Wrongful death punitive damages may be recoverable, but it depends upon the jurisdiction (court, location, specific statutes) that the case will proceed in.
Wrongful Death Punitive Damages: The Basics
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What Are Punitive Damages In A Wrongful Death Case?
There are several types of damages available in wrongful death cases.
These damages may have different names, depending upon the applicable laws.
In general though, there are damages available to compensate the plaintiff for the monetary losses resulting from the act causing the injury (aka “economic damages”).
The amount of economic damages are usually easy to prove, because they are associated with specific and quantifiable losses.
Some examples of economic damages are lost wages (like the plaintiff was unable to go to work for a specific number of days and missed a certain number of hours), medical bills, and property damage.
There are also damages available to compensate the plaintiff for harm that are not associated with specific monetary losses, such as pain and suffering, (aka “non-economic damages”).
The amount of non-economic damages are fairly difficult to prove, as it is quite difficult to connect up a certain amount of money to a certain amount of pain or suffering.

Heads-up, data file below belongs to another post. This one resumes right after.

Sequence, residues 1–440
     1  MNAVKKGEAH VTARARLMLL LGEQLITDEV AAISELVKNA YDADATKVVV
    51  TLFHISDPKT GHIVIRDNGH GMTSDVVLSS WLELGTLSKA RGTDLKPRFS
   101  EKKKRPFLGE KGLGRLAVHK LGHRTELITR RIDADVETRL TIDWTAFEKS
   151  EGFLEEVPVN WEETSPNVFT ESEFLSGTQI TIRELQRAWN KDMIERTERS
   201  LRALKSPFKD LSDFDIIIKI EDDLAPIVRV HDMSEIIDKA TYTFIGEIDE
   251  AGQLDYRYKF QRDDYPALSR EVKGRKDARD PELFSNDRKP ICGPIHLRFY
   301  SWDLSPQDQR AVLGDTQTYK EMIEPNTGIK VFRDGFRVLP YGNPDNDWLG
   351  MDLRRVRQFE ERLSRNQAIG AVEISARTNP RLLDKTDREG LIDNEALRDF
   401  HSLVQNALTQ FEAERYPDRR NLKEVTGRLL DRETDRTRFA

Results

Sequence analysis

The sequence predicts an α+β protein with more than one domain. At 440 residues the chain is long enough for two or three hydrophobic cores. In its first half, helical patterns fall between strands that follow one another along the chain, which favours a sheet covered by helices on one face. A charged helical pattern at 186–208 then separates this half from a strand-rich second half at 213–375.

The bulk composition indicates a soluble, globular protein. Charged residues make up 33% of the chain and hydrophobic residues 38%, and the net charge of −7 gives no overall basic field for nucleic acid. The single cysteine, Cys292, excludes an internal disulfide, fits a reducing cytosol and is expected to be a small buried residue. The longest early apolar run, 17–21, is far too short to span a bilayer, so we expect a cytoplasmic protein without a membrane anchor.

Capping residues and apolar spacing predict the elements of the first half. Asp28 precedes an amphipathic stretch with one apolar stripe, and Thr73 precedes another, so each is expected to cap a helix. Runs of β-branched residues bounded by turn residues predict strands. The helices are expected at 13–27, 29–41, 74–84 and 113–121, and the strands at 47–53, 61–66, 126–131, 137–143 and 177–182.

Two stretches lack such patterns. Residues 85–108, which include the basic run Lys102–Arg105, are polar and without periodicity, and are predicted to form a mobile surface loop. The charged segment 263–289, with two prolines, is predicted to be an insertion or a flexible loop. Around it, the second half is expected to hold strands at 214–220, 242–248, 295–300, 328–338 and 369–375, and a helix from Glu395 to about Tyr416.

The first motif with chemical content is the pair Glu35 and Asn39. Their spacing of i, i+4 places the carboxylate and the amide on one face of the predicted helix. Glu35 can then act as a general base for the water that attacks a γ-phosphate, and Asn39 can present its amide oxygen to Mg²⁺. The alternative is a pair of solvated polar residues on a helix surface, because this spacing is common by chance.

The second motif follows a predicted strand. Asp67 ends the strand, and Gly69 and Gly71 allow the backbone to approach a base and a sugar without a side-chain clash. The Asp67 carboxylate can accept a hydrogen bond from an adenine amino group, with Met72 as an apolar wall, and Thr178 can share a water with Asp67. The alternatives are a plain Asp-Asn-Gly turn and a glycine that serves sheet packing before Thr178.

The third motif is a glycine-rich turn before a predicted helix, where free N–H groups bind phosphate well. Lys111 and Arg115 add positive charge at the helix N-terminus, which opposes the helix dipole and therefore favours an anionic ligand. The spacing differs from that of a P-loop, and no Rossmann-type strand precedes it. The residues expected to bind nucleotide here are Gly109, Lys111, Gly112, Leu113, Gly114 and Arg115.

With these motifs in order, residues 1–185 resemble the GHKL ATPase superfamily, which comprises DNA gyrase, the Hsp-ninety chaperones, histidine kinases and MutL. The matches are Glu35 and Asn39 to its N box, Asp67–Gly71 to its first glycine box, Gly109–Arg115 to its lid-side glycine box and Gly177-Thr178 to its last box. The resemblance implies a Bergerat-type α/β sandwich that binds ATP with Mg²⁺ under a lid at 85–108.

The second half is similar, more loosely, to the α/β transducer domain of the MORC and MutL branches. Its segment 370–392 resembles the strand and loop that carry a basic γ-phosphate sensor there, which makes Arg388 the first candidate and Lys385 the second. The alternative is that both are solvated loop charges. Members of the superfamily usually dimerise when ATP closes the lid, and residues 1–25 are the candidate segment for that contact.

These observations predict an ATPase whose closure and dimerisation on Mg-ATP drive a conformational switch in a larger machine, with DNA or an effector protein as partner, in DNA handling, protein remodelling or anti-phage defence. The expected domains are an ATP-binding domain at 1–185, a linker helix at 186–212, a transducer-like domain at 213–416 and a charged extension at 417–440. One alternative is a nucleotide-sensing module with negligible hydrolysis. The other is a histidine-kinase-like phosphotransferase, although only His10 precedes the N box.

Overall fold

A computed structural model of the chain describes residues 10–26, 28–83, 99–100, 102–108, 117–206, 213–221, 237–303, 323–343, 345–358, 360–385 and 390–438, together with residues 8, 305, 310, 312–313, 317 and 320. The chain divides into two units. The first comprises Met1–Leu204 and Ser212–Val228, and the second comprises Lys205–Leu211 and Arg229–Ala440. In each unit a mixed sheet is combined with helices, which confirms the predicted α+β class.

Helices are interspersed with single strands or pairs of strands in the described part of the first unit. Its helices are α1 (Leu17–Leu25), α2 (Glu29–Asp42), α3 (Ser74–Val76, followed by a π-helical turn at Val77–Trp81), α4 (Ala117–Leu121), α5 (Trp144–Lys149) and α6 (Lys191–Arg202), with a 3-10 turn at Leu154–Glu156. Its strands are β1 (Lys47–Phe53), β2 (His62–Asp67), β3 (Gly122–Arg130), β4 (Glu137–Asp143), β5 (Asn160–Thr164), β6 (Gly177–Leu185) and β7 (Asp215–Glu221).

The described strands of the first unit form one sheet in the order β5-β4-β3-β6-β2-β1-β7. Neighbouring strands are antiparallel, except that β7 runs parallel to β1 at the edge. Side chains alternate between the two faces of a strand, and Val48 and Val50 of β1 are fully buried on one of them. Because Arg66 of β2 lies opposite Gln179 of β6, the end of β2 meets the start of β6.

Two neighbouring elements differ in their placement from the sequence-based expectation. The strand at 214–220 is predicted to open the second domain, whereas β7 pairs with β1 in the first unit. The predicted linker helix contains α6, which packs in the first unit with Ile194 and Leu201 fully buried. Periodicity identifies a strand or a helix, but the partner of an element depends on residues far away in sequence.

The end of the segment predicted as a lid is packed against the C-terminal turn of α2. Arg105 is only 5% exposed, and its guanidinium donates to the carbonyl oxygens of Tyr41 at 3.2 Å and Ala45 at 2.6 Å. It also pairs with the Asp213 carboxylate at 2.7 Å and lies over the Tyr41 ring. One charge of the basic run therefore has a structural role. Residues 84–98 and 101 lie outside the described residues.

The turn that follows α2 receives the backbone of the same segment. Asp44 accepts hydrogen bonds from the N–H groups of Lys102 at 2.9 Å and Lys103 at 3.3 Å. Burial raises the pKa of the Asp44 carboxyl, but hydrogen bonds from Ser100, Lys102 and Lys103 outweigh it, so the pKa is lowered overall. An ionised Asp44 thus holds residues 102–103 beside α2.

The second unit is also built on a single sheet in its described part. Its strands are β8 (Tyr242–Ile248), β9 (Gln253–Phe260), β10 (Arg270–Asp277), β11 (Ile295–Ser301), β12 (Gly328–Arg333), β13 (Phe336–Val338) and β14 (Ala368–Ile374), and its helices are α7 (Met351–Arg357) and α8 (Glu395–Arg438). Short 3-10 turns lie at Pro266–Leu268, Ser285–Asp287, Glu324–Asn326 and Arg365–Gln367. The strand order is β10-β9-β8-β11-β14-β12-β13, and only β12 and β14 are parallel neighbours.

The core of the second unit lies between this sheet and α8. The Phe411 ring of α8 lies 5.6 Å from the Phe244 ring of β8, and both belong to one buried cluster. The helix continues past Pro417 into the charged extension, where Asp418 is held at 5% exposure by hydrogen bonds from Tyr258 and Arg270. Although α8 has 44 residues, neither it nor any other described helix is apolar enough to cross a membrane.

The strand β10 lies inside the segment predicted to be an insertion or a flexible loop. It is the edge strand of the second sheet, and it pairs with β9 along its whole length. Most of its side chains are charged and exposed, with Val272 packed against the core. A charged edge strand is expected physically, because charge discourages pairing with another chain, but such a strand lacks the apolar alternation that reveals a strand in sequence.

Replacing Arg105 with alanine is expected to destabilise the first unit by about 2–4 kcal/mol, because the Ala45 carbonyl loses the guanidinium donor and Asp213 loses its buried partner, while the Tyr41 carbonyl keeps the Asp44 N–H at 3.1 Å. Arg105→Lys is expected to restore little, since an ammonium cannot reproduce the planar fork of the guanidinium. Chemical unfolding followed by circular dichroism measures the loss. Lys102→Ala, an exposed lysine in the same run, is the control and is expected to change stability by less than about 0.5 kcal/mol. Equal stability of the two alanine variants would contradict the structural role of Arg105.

Punitive damages are another kind of damages that might be available in a wrongful death case.
These damages compensate the plaintiff, but they are primarily meant to do what their name suggests–punish the defendant(s).
When punitive damages are allowed, they are usually only allowed to be awarded when the actions of the defendant are found to be particularly bad.
These types of damages are not available in every case or in every jurisdiction, and are generally authorized only by a specific statute.
For example, in Wisconsin, punitive damages in wrongful death cases are not recoverable. (source)
On the other hand, in California, punitive damages in wrongful death cases are actually recoverable.
However, punitive damages can only be ordered in California if the death was the result of a felony.
How Do I Know Whether Punitive Damages Are Available In A Wrongful Death Case?
The easiest way to confirm whether punitive damages are available is to speak with an experienced wrongful death attorney in the location (city/state) where your case is likely to be filed.
If you can’t speak to an attorney, or need a quick and general answer, first do a quick search for punitive damages in the likely state of the case, as most wrongful death statutes are written into state laws, rather than city or county codes.
If you aren’t sure where the case should be filed, you could search for wrongful death statutes in the state where the death occurred, where the action that eventually caused the death occurred, and where the defendant resides.
While it isn’t certain that the case should be filed or pursued in any of those states (if they are not the same state where the bad acts occurred), at least you’ll have a general idea of what’s possible.